6 things your child should know before starting Kindergarten
Follow these simple steps to help make your child’s transition into kindergarten smooth sailing
It seems crazy that parents should even have to think about getting kids ready for kindergarten, academically speaking. Of course you’ll want to prepare your child emotionally. But academically? Isn’t that what kindergarten is for, to get kids ready for first grade?
In fact, the research shows that children in play-based preschools do better both socially and academically, in kindergarten and in the later grades, than kids in preschools that focus on academics. That implies that kids who start kindergarten not knowing any of these things will probably learn them quickly. So the idea of kindergarten-readiness seems to me to be based on some problematic assumptions, at best. To me, kindergarten-readiness means the child is ready to listen to the teacher, and ready to work things out with other children.
But since the US kindergarten curriculum assumes children entering kindergarten will know certain things, many parents get anxious about getting their child kindergarten-ready. Luckily, the things your child is expected to know are all things that he or she can learn easily in the course of daily life, just by your asking questions (“What’s that letter?”)
So why not spend time with your child interacting about numbers, the alphabet, colors, shapes and coins? Remember, have fun with this. Please don’t test him, or resort to flash cards. Children learn faster when they see things in action — The letter T goes with that truck! Making learning fun is what will give her a head start when she gets to kindergarten.
What Kindergarteners Need to Know
- Know basic colors: red, orange, yellow, green, blue, and purple.
- Know basic shapes: circle, diamond, rectangle, triangle, oval, and square.
- Know basic coins: penny, nickel, and dime.
- Be able to count objects to 10.
- Know the numbers to 10 and recognize the first ten numbers out of sequence such as: 2, 5, 9, 8, 1, 3, 4, etc.
- Recognize the uppercase alphabet and be able to name the letters out of sequence, such as: B, D, X, K, J, M, O, etc.
This list is from Stacey Kannenberg, author of Let’s Get Ready for Kindergarten! Kannenberg also suggests that parents should give themselves the following homework, once school begins:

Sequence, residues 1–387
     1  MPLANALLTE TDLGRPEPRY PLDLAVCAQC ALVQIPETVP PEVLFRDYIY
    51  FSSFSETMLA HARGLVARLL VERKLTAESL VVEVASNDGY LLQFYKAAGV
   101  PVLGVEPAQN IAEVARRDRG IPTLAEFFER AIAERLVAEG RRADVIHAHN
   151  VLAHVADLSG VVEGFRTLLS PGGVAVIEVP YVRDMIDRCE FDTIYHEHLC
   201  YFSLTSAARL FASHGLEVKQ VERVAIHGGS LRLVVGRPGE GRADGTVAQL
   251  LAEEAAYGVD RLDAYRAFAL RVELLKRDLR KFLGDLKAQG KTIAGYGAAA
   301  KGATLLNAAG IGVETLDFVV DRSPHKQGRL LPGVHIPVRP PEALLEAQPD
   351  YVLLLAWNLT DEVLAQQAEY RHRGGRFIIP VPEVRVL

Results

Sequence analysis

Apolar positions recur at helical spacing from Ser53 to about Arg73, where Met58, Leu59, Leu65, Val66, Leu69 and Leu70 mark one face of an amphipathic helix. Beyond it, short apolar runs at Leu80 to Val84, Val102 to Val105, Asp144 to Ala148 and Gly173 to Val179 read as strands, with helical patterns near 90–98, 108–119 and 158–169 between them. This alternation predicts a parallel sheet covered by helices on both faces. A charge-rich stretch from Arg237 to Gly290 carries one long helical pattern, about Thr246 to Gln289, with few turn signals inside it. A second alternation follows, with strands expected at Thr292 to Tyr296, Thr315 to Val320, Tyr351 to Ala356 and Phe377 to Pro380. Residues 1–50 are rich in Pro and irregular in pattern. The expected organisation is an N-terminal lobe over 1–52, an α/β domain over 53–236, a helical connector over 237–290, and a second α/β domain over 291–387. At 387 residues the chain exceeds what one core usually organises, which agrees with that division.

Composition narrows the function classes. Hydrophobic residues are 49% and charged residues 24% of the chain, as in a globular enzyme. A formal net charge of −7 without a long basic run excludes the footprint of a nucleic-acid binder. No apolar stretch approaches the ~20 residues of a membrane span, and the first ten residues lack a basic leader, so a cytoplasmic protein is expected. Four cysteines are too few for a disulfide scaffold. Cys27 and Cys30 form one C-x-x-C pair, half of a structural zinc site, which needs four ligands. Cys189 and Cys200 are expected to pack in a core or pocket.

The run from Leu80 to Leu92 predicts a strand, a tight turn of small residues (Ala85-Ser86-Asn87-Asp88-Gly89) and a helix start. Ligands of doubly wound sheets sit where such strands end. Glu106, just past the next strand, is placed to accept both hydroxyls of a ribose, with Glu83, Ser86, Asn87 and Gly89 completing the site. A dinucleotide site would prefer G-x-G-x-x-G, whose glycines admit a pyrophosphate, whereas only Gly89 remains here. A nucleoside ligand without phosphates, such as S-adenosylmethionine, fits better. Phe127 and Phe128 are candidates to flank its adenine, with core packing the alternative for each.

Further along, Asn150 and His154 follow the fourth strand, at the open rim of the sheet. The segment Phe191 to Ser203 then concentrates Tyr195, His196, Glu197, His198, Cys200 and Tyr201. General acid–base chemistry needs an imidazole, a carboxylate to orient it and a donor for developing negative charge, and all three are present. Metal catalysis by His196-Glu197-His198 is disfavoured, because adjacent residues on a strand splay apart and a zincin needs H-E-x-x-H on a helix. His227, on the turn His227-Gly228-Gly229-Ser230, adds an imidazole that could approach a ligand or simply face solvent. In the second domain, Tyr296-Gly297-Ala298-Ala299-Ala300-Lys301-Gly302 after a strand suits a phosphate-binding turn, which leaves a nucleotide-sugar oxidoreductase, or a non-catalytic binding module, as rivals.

Homework for Parents
- Stop, Drop and Listen every day when you’re reunited with your child.
- Unload the backpack/homework folder with your kids daily.
- Read with your kids every night for 15 minutes.
- Play repetitive games with your kids.
- Ask open ended questions to help your kids communicate.
This colorful alphabet puzzle provides children with an introduction to capital letters to take their first steps towards reading and writing.
One, two, three…counting is great fun for little ones with Hape’s Chunky Number Math Puzzle! This colorful puzzle provides children with their first introduction to numbers and includes mathematical symbols for more advanced learners.
Modern Blocks’ Shapes Memory Game includes 20 wooden tiles that have various shapes painted by hand on them. This type of game is a great way to strengthen your tot’s vocabulary, hand-eye coordination and critical thinking skills.
The Wooden Story Natural Shape Puzzle Board game comes with a puzzle board and 6 different wooden geometric shapes to help your tot learn about shapes, sharpen their hand-eye coordination and build their confidence.
The Alphabet, Numbers and Shapes set from Modern Blocks includes 10 white birch blocks. The set counts from 1-10, has a shape on each block and includes the alphabet plus additional vowels.
Published with permission from Aha! Parenting by Dr. Laura Markham.
Dr. Laura Markham trained as a Clinical Psychologist, earning her PhD from Columbia University. But she’s also a mom, so she translates proven science into the practical solutions you need for the family life you want.
Dr. Laura is the author of the books Peaceful Parent, Happy Kids: How to Stop Yelling and Start Connecting and Peaceful Parent, Happy Siblings:How to Stop the Fighting and Raise Friends for Life. For more information, visit ahaparenting.com